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Friday, February 6, 2015, 15:46

Tencent, Alibaba in mobile payment spat

By Xinhua

SHANGHAI - Chinese Internet giant Tencent this week cut links between its popular mobile app WeChat and Alibaba's payment service, Alipay, just as users are rushing to use the services in run-up to the Spring Festival, beginning Feb 19.

Mobile payment is the latest bone of contention between the two giants, who have gone head-to-head over everything from taxi services to banking.

Tencent's hugely popular social media service WeChat, which has 600 million users, on Monday closed the link that allowed Alipay users to send digital "red envelopes", gifts of money traditionally sent during the New Year holiday, to contacts on WeChat.

WeChat's own payment service has struggled to gain ground against Alipay, which has 300 million users and dominates China's third-party payment market.

Alipay had a market share of 83 percent by September 2014, while Tencent only had a 10 percent share.

WeChat may hope that cutting off the Alipay link will push users to use Tencent's own service.

Although Alibaba is the market leader in the online payment sector, sign-ups to its social networking app are lackluster, which is important for the spread of the virtual red envelopes.

Tencent said it canceled links to some third-party platforms to protect users from fake "red envelopes" and fraud, while Alipay said it would continue to provide its service to WeChat and should users find the Alipay service blocked on WeChat, they could continue their transactions through their mobile browsers.

Tencent launched its red envelope service on WeChat on Jan 26, 2014, several days ahead of last year's Spring Festival.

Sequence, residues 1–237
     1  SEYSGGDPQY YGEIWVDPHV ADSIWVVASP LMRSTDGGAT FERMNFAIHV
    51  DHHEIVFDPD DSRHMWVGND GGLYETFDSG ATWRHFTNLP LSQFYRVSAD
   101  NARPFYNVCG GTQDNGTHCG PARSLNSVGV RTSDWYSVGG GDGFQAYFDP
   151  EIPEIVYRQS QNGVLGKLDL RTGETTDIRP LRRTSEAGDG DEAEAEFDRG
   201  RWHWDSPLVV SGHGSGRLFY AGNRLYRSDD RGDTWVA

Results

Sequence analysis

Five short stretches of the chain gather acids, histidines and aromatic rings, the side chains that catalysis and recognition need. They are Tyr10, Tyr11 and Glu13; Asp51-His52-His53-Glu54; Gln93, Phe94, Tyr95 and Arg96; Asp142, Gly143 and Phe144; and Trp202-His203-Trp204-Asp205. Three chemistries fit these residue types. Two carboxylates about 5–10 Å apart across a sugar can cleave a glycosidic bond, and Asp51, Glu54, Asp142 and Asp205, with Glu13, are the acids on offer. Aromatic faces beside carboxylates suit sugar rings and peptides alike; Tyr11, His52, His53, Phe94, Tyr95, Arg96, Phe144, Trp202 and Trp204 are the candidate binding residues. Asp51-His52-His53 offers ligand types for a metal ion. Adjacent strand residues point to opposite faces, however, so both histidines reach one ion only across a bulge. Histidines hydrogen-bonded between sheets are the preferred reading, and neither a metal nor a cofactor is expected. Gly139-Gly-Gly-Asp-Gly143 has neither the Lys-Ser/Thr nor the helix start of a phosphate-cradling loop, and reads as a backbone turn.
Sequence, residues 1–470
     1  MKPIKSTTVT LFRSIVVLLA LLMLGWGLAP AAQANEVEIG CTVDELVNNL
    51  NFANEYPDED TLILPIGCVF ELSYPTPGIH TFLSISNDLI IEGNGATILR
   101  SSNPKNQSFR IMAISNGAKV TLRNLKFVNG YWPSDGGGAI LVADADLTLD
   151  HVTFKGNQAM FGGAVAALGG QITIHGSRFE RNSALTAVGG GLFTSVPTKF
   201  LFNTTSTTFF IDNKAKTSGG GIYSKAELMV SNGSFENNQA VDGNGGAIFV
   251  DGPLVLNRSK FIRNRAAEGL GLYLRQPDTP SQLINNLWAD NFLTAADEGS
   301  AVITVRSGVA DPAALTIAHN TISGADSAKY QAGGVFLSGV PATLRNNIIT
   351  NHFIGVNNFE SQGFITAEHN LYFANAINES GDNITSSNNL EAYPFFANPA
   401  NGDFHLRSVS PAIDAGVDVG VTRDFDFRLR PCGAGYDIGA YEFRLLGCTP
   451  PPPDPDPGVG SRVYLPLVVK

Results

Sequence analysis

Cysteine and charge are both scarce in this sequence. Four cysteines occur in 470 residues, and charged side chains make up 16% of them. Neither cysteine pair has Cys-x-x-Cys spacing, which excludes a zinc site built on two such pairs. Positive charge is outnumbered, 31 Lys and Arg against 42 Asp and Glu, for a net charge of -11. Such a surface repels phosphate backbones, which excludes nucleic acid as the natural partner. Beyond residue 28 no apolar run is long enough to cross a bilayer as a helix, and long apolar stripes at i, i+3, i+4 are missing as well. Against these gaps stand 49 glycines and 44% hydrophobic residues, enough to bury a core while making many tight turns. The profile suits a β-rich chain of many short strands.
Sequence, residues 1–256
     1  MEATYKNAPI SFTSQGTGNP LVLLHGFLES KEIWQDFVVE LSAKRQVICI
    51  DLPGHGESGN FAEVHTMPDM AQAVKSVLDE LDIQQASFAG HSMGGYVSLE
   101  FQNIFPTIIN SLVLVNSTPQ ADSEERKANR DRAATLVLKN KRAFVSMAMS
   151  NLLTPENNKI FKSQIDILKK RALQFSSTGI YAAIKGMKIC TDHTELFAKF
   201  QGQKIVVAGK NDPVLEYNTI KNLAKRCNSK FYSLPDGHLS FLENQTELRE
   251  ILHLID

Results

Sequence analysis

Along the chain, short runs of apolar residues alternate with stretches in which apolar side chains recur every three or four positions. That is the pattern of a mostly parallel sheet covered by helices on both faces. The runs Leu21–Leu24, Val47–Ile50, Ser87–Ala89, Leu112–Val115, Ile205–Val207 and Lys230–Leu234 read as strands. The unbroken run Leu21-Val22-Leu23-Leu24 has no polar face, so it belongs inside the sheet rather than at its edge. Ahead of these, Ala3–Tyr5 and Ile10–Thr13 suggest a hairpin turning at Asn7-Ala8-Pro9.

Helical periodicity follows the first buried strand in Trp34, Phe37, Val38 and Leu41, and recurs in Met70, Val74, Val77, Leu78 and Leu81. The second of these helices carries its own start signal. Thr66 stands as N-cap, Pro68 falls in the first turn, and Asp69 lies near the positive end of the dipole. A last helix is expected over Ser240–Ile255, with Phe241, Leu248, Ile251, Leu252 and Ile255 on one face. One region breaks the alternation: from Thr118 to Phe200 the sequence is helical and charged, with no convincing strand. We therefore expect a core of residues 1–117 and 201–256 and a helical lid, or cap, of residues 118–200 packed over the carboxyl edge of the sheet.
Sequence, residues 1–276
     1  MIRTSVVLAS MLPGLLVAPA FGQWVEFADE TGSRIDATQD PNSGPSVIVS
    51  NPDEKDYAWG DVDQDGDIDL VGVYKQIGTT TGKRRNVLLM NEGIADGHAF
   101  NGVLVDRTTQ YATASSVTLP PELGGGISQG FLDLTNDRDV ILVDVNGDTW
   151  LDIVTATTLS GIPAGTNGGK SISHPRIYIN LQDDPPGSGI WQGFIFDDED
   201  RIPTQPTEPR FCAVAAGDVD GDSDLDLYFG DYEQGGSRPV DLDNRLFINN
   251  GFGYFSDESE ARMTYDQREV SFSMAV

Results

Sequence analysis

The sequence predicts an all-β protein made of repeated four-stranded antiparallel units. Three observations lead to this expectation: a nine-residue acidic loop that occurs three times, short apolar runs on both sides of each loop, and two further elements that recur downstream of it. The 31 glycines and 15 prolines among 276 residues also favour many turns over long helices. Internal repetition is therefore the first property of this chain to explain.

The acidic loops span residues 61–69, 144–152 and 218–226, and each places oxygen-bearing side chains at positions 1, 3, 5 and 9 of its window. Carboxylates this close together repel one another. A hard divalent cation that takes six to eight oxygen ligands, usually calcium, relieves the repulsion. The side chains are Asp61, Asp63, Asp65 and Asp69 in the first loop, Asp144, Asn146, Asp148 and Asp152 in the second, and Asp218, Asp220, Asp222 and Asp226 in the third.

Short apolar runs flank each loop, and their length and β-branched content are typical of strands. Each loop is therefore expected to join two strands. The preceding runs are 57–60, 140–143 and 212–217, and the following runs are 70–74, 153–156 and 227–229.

During the Spring Festival holiday in 2014, more than 8 million users participated in Tencent's campaign, which boosted Tencent's mobile payment service remarkably.

"Although the competition is disguised by 'sound reasoning', we can see that their real intention is to fight for market share," said Guo Tianyong, a professor with the Central University of Finance and Economics.

Guo said that suppressing the competition was not unusual.

The unbridled battle between Tencent and Alibaba, however, has affected end users and merchants on WeChat, where about 60 percent of transactions were conducted through Alipay, according to Ebrun, a Chinese e-commerce consulting firm.

"Alipay is suspended. You can switch to the Tencent payment service or use Alipay at our restaurant," according to a statement posted on "Russian Barbecue," a WeChat online merchant.

Tencent and Alibaba are too busy consolidating their own platforms and carving up the market, and this does not reflect the inclusive feature of the Internet, Guo said.

Internet companies should be more cautious and regulators should step in when necessary to protect consumers' rights, he added.

 
 
 
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